I was discussing the other day, I think with some of the Primeval folk, how almost every city built on or near sandstone (and in some cases some rather less likely rock) seems to have had a positive honeycomb of tunnels burrowed out underneath it by the resourceful inhabitants.

When we moved to Nottingham we went on the tourist trail around Nottingham's Cave system (The Western Caves which you entered via a shopping centre). These had been used as air raid shelters during WWII but went back a lot further than that and included a medieval tannery among other things. I was interested therefore when [livejournal.com profile] wellinghall forwarded me a link to the Nottingham Caves Survey which is attempting to create 3D maps of all the tunnels under the city. They're doing this using a 3D laser scanner which just shows how technology has moved on. I recall B. publishing an article (Sellers WI, Chamberlain AT. Echoing the Bats. Discovering Archaeology. 1999 2:94-96.) just after we were married on mapping cave systems using ultrasound and the images he produced then are very reminisicent of the modern laser scanner images, only less detailed.

Some piccies under the Cut )
purplecat: (dinosaur)
B. spent quite a bit of time last year filming a TV series with Phil Manning. It's Phil's series but B. is playing sidekick in, we think, a couple of episodes (one on dinosaur locomotion and one on size). I gather it was pitched as "Top Gear meets Dinosaurs" and is an attempt to break away from the talking heads style of a lot of recent documentaries. It's going to be showing on National Geographic Wild channel, starting on Tuesday (3rd Feb) at 8pm. We don't get National Geographic Channel but I thought I'd flag the fact up for anyone out there who does. No idea whether B. will appear in the first episode or not.

This is a publicity page for the series

This entry was originally posted at http://purplecat.dreamwidth.org/33453.html.
purplecat: (dinosaur)
B. spent quite a bit of time last year filming a TV series with Phil Manning. It's Phil's series but B. is playing sidekick in, we think, a couple of episodes (one on dinosaur locomotion and one on size). I gather it was pitched as "Top Gear meets Dinosaurs" and is an attempt to break away from the talking heads style of a lot of recent documentaries. It's going to be showing on National Geographic Wild channel, starting on Tuesday (3rd Feb) at 8pm. We don't get National Geographic Channel but I thought I'd flag the fact up for anyone out there who does. No idea whether B. will appear in the first episode or not.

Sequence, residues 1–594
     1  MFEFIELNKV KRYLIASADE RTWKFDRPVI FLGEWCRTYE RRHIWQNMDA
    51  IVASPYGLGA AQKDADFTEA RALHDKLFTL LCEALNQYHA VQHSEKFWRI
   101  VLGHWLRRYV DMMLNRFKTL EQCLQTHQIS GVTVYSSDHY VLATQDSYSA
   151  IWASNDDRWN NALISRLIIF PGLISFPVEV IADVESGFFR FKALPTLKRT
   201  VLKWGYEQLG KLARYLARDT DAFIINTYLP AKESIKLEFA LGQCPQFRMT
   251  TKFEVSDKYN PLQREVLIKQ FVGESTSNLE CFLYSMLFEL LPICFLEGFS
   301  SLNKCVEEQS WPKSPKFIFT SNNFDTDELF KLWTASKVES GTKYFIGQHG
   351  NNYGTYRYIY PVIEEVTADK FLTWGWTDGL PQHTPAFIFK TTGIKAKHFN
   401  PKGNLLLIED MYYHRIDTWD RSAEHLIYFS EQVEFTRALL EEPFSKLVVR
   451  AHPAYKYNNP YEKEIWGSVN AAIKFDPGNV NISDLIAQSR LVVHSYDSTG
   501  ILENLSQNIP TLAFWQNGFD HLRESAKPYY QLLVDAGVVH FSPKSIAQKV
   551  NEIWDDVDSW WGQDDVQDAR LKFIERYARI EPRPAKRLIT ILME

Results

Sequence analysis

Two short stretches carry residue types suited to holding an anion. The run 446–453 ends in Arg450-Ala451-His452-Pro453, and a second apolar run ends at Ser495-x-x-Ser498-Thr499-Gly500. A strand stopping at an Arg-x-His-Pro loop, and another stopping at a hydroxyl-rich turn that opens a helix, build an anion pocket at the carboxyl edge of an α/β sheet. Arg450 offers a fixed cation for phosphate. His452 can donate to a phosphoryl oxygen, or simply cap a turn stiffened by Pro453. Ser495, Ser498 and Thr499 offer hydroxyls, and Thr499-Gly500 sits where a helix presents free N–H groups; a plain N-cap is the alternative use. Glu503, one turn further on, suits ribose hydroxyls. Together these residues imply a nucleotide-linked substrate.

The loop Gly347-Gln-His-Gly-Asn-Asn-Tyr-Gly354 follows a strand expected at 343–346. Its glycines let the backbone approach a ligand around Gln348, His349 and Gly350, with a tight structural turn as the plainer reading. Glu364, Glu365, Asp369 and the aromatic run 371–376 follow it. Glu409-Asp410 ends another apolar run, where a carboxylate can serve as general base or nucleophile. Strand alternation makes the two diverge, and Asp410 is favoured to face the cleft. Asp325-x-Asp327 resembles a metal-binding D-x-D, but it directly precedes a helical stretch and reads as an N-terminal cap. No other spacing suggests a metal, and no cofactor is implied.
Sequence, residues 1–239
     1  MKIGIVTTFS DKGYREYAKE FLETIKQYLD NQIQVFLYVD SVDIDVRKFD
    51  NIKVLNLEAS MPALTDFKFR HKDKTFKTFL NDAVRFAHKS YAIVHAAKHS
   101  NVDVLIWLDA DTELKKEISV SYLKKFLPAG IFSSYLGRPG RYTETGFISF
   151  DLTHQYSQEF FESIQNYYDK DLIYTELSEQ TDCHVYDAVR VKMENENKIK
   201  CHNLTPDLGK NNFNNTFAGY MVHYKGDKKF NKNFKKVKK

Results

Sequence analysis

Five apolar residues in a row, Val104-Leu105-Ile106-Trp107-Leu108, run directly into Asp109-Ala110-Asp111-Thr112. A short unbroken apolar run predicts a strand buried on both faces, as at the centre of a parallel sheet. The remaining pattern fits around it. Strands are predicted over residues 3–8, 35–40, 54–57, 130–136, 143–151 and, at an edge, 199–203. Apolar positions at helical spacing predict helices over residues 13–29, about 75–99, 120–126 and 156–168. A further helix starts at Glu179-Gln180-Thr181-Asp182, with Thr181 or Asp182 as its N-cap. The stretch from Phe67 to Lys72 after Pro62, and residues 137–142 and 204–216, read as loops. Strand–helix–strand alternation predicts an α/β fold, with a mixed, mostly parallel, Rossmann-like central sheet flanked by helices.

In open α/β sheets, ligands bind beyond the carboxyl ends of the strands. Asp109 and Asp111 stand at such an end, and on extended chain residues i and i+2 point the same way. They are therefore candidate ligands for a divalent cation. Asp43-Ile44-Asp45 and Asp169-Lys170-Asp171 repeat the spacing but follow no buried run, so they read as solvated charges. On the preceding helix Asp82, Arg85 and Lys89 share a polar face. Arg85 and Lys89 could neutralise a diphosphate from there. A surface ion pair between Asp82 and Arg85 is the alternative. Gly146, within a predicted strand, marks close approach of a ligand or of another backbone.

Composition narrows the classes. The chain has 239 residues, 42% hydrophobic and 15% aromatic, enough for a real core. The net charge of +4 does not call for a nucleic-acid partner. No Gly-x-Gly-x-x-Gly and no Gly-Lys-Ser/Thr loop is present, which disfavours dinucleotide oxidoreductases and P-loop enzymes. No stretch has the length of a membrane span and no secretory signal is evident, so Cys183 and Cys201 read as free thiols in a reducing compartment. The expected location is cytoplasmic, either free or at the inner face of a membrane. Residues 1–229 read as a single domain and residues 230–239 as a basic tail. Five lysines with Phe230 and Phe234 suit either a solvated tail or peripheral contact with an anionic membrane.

This is a publicity page for the series
purplecat: Hand Drawn picture of a Toy Cat (Default)
Article in the Daily Mail (oh! the embarrassment)

As far as I can work out, one of B's postdoc's took a video of a walking Gorilla as part of a project on modelling locomotion. B. then showed it to some people making a documentary on Bigfoot who asked if they could use it. B said they needed to ask the zoo for permission first (the original permission for filming was for scientific use only). The zoo asked if they could use it too and put it on their YouTube feed where it suddenly became surprisingly popular and attracted the attention of such prestigious publications (*ahem*) as the Daily Mail.

B. is happy anyway, Daily Mail notwithstanding.

This entry was originally posted at http://purplecat.dreamwidth.org/32982.html.
purplecat: Hand Drawn picture of a Toy Cat (Default)
Article in the Daily Mail (oh! the embarrassment)

As far as I can work out, one of B's postdoc's took a video of a walking Gorilla as part of a project on modelling locomotion. B. then showed it to some people making a documentary on Bigfoot who asked if they could use it. B said they needed to ask the zoo for permission first (the original permission for filming was for scientific use only). The zoo asked if they could use it too and put it on their YouTube feed where it suddenly became surprisingly popular and attracted the attention of such prestigious publications (*ahem*) as the Daily Mail.

B. is happy anyway, Daily Mail notwithstanding.
purplecat: (dinosaur)